Secondly, as part of my research I found these awesome websites called My Daguerreotype Boyfriend and Historical Hotties. That's where I found this:

It had the caption "The hottest blind-gentleman-holding-a-kitten daguerreotype you'll see all day" I couldn't agree more.

And this:

The first photo is Photographer Edward Steichen c. 1917; the second is Aidan Quinn in Legends of the Fall. I mean, if this isn't 100% proof that Aidan Quinn is a time traveler, I don't know what more proof you people need.

And my favorite--I found this photo and used it as the basis for the two guy characters in THE MADMAN'S DAUGHTER. I want to keep a copy of this photo in my wallet, and any time a reader says "I'm not really into historical fiction" or "ugh, I hate love triangles" I'm going to pull it out and say "Changed your mind? I thought so. You're welcome." 


Attitude Makes the Writer

I made an observation on Twitter this week that a lot of people really seemed to graviate to:

"The more I think about it, the more I think writing success comes from the right attitude, not talent."

Because so many people liked this quote, I thought I would take some time to talk about it more in depth. As a soon-to-be-published author, I'm straddling the fence a little. I still feel very connected to the aspiring writer community. I have a lot of friends there, critique partners, casual aquaintences. But on the other hand, I'm meeting this fabulous network of published authors, many of whom I've been long-time fans of, and now I'm becoming friends with. It's one of my favorite parts of this job--the YA community (both published and aspiring) is amazingly fun and smart and supportive.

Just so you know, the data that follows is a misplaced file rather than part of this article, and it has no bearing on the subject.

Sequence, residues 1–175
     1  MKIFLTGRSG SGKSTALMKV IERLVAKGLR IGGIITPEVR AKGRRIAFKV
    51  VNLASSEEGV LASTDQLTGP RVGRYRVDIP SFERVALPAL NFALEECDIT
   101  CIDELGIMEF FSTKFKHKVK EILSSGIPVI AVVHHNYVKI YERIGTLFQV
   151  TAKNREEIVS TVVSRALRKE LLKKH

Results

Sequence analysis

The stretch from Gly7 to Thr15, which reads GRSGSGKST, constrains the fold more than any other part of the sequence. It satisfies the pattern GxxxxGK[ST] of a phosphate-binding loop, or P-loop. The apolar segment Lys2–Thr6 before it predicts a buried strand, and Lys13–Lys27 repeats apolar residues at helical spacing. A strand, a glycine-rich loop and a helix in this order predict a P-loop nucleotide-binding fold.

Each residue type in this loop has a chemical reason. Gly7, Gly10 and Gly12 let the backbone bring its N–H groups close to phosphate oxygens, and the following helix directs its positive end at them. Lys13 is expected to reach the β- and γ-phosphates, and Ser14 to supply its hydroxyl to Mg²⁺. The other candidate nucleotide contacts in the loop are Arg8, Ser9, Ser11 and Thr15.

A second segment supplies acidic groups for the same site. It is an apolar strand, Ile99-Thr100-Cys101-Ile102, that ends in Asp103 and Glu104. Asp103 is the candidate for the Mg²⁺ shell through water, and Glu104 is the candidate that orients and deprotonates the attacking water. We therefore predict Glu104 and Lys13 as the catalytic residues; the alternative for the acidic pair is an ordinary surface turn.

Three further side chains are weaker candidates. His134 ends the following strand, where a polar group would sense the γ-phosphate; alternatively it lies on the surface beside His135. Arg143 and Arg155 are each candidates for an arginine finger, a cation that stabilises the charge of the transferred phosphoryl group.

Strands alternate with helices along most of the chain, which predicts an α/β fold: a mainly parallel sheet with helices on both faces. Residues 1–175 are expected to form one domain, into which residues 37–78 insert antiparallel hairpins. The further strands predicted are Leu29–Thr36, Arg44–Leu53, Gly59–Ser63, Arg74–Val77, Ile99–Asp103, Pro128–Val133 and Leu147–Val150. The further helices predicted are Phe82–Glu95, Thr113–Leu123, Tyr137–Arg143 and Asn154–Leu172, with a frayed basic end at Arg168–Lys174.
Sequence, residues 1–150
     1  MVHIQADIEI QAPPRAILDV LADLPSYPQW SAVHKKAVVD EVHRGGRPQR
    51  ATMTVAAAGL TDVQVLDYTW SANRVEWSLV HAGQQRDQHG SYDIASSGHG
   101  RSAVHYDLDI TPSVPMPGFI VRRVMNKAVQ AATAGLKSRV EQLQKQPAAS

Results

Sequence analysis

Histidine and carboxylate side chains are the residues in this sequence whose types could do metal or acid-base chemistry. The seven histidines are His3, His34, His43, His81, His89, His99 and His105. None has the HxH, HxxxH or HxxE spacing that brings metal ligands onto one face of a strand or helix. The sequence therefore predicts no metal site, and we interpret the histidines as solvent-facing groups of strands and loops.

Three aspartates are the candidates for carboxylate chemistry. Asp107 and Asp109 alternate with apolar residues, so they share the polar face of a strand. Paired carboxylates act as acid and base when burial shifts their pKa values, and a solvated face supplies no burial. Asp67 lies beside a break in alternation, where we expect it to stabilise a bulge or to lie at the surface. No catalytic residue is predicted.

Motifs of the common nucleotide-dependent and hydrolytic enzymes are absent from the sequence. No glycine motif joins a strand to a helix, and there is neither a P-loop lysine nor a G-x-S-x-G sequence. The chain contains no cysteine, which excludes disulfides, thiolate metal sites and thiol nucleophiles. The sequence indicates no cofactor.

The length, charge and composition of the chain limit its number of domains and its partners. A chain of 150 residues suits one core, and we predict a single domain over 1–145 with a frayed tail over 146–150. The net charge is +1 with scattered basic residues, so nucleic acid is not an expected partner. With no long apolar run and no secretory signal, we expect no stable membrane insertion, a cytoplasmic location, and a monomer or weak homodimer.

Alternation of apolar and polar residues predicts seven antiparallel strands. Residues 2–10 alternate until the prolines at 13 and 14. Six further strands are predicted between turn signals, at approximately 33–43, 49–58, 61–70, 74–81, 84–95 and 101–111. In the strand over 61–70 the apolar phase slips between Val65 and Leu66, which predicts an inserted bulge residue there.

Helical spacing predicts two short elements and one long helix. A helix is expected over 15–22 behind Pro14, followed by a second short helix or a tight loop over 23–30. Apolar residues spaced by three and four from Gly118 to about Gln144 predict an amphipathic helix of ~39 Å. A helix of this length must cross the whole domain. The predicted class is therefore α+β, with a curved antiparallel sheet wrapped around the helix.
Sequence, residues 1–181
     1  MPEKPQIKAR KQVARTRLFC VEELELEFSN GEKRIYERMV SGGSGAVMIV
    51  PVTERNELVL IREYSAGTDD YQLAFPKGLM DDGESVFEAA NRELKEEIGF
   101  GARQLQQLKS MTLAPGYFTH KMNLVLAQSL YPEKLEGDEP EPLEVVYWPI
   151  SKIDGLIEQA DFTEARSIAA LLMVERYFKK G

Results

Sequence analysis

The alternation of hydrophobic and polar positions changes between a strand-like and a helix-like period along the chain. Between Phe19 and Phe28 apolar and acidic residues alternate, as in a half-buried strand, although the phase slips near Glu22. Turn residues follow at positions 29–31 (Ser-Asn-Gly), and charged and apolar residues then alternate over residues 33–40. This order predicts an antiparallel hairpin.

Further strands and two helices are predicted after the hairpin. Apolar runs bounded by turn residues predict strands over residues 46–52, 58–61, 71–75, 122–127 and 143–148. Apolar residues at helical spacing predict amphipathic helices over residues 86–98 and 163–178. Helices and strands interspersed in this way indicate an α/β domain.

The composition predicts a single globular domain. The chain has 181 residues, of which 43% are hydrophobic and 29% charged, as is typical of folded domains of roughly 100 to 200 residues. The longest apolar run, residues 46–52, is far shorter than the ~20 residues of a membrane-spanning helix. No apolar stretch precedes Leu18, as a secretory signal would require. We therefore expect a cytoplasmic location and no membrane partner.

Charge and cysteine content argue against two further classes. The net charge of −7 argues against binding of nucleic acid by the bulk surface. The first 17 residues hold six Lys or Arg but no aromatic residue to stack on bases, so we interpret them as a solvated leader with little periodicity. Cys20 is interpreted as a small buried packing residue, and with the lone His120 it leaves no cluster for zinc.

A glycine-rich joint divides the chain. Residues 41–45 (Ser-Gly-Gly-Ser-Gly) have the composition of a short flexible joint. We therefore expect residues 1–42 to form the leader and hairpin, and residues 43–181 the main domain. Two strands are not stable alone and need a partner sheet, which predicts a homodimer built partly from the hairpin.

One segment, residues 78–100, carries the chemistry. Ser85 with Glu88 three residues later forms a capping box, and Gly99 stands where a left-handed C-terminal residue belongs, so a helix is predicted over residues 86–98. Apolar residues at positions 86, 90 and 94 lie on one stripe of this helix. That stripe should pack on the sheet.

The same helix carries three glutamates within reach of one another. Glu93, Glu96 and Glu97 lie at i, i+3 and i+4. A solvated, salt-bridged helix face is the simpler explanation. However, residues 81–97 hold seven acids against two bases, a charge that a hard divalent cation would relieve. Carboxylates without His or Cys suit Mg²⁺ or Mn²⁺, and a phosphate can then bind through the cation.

As I'm getting to know more published authors, I keep recognizing similar traits popping up again and again. That's what led me to the observation above: all of them are talented, some insanely so, but I think what truly made them successful is their attitude toward writing. Lots of aspiring writers are heart-breakingly talented too. Some are so talented that I just want to grab them and shake them and tell them to get their act together, because the world needs their talent. But they can't manage to actually find time to write an entire book or revise it or submit it. Or they write a story that's good, but they aren't willing to put in the effort to take it to that next level. Or because they are talented and they know it, they just want to dash something out in a burst of inspiration and voila, have a career. They work at it, but not hard. Or not hard enough.

That's the main attitude difference I see. My published writing friends got bit hard by the writing bug, figured out exactly what they wanted, and then kept working like a dog until it happened. This means hours a day instead of hours a month. And if you have the right attitude, you can't help but write that much. Sometimes it's fun; more often it feels like work, but work you simply must do. And do and do and do, for days or months or years, until you're holding that contract in your hands (and then, of course, comes even more work). Sometimes I think author friends of mine (and I feel this way too) barely even stop to take a breath, they are so determined to reach their goal.

And what they want is a career. Not just one published book, not just something to tell people they do at parties, but a lifetime of writing. They work nights and weekends while holding down a day job, working while their kids are napping, working while in line at the bank, working EVERYWHERE. And if they have written a story and submitted it widely, and it hasn't gone anywhere, they assume the problem is with their story, not with the publishing industry. No one likes to abandon a story they've poured heart and soul into, but they aren't afraid to let it go and start something new, because they know the only way to succeed is to keep moving forward.

But here's the thing: all published writers were aspiring at one point. If you're not published yet, it doesn't mean you aren't talented or you don't have the right attitude. Several of my aspiring writer friends are SO talented and have SUCH a great attitude, that I believe for them it's just a matter of time (and timing) until they sell their first book.